Interview: Steven Ansell of Blood Red Shoes

Blood Red Shoes are a Brighton, England-based duo made up of Steven Ansell (drums/vocals) and Laura-Mary Carter (guitar/vocals). Their second EP, Fire Like This (follow-up to 2008’s debut EP Box of Secrets) came out in 2010. I recommend both CDs. Though they differ from each other they are excellent, forward chunks of British rock. I interviewed Ansell in December 2010, and I wanted to know about the band’s videos, how they met (which involved donuts!) and how they arrange their awesome songs.

What was the mood like on the set of the video for “Heartsink”?

Steven Ansell: It was quite strange actually. People travelled from a lot of places, about 6 different countries in fact, to be in the video – but most of them travelled either in pairs or alone. So there were 70 or so people who barely knew each other, and definitely had never shot a video before or had a director barking instructions. So it was amazing to see all these people gathered and find out what items they’d brought, but it was also really awkward.

In what ways do you differ from other contemporary British bands?

SA: Well I think there are other bands that come from a similar mindset to us, just not many. Generally speaking a lot of English guitar music (except for the metal scene) has been dominated by a kind of Libertines/Franz Ferdinand style which is really tame and limp to my ears. And those bands seem to go hand in hand with a quite commercial view on their music and a willingness to play the game, it’s all a bit careerist. We’re from a punk rock background; we’re just as ambitious as those other bands but we don’t want to soften our sound out or just do ANYTHING to get there. We want to make music that has good hooks but also something that has aggression and power and big fucking riffs. I think English bands can be a bit shy of that.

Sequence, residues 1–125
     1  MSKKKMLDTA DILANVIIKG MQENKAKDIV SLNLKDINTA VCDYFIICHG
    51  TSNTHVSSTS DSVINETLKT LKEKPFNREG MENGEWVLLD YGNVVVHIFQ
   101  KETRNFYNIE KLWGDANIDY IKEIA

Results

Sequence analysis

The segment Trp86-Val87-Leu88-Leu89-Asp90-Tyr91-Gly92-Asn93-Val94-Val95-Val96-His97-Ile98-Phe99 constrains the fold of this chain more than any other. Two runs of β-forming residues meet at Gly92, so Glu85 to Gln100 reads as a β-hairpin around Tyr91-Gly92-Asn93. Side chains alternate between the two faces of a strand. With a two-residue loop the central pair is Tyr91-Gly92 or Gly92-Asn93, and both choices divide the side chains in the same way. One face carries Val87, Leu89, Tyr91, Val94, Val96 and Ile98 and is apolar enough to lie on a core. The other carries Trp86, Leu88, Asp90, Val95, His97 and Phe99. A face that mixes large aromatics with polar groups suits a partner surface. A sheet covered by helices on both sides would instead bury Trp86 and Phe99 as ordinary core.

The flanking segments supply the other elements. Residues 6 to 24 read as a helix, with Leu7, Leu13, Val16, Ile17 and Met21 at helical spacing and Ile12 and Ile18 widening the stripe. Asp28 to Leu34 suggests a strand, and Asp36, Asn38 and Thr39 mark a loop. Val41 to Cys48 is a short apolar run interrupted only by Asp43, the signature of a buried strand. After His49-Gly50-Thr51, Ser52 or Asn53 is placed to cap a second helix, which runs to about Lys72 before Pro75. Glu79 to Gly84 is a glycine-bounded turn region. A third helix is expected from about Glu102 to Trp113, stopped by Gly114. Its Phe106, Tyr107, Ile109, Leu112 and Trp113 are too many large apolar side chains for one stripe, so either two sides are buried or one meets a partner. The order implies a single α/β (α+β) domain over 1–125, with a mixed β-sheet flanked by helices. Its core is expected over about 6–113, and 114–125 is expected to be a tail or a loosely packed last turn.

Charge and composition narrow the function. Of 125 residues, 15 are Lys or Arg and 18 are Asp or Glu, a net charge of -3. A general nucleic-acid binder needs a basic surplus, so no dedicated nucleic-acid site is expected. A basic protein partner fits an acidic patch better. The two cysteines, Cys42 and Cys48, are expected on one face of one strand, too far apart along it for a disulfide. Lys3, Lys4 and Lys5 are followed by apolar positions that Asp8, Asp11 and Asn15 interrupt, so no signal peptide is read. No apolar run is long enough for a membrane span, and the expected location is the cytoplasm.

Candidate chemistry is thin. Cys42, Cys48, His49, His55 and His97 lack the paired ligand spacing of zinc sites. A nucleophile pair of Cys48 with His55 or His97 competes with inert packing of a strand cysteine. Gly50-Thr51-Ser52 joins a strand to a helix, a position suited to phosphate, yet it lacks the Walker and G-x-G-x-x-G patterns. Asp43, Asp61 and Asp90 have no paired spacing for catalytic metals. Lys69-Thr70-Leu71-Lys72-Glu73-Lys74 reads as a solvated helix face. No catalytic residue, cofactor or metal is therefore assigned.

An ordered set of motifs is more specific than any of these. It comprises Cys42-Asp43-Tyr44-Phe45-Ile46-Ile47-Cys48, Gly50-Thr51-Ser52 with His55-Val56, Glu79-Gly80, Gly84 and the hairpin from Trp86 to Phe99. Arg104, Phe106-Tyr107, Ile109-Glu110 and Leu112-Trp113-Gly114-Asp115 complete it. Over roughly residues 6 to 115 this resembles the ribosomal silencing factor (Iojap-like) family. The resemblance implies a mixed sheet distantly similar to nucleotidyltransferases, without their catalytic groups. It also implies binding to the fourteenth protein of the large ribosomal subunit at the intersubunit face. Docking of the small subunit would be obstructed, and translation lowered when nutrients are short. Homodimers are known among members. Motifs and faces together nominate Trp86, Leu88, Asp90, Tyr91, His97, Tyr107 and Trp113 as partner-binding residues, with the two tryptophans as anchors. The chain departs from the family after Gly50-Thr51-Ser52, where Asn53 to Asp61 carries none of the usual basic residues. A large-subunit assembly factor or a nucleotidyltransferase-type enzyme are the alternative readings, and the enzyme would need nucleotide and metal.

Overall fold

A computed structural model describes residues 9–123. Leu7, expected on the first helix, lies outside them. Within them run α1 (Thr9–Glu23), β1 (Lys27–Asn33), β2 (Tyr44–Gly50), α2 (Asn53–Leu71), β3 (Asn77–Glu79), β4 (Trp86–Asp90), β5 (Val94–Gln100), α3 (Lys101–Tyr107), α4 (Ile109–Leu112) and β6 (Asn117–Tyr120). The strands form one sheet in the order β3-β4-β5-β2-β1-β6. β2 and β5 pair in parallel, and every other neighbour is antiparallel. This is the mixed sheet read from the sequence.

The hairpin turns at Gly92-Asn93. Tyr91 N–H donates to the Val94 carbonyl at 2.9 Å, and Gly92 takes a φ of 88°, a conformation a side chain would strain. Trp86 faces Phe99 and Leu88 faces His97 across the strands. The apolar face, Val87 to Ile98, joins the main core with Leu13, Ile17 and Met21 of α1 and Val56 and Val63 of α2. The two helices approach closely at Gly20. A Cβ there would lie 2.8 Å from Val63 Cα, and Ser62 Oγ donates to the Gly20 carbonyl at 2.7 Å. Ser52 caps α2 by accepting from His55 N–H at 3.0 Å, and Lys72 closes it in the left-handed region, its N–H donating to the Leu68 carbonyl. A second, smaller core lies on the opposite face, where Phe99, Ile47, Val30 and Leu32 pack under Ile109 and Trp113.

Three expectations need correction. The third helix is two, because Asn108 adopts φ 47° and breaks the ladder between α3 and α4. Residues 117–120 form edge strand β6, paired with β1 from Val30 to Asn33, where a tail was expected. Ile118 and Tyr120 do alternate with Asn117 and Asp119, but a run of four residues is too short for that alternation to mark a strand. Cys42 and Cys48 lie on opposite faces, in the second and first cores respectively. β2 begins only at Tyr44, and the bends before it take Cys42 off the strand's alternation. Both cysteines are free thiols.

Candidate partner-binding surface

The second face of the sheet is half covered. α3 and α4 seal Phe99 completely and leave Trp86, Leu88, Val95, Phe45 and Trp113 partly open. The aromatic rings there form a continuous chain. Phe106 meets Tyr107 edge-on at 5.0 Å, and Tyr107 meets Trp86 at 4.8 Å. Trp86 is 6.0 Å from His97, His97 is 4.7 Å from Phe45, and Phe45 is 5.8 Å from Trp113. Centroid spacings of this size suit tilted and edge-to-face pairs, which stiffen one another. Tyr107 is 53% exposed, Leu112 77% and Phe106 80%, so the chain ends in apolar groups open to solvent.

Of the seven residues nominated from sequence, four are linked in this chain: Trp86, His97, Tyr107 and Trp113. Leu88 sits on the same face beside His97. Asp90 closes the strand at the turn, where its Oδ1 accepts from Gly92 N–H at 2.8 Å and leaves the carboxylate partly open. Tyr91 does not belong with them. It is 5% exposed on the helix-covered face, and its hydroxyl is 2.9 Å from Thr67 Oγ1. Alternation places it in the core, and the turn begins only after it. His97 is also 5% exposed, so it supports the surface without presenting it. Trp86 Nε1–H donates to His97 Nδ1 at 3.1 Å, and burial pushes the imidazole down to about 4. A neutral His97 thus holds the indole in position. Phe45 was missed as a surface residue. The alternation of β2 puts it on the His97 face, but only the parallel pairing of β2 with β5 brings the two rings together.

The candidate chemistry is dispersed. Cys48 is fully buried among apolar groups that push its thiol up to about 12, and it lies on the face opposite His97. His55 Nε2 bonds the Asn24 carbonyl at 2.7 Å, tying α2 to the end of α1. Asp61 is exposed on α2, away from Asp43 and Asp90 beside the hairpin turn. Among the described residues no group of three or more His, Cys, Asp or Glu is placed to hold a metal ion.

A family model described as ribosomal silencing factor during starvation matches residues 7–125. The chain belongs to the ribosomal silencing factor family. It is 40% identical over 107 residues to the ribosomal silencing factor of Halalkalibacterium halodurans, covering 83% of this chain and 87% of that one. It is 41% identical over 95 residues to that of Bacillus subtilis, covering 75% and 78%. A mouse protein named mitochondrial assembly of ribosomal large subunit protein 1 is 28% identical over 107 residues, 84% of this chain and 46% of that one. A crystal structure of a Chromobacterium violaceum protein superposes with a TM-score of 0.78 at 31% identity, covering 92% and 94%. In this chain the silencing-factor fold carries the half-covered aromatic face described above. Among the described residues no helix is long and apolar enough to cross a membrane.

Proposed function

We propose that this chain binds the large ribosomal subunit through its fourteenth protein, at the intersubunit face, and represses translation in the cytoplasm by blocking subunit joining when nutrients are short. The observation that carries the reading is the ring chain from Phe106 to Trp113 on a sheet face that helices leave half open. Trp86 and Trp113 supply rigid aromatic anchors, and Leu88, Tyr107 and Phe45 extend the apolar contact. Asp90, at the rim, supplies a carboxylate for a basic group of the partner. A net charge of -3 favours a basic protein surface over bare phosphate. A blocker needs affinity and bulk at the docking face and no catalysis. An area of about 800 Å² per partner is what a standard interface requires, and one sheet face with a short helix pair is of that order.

You two met in a donut shop? Where was it?

SA: It was on Upper Street, in London, near a few venues like the Garage.

What were your first impressions of Laura-Mary?

SA: My first impression of Laura-Mary was that she was the singer/screamer in this really cool riot grrrl band, and that she was way too cool to talk to me. Turned out she was just really quiet!

How did you find the director for “Light it Up,” James Lees?

SA: James Lees was awesome. Actually that’s my favourite video we’ve ever made. We felt like James listened to us and incorporated our ideas into the video, and the editing of the video, more than anyone we’ve worked with. He’s also the most expensive director we’ve used which is why we haven’t been able to use him as much as we’d like.

Laura-Mary Carter & Steven Ansell of Blood Red Shoes – photo by Steve Gullick

How do you decide which of you will sing each part in a song?

SA: It’s just instinct really. Usually the way we write, we’ll jam on a song and whoever starts singing first ends up singing those parts. Very occasionally we change it around – for example [in] “This is Not for You,” I originally sang the verses, but Laura did it better so we changed it around.

What kind of jobs did you have before you were in Blood Red Shoes?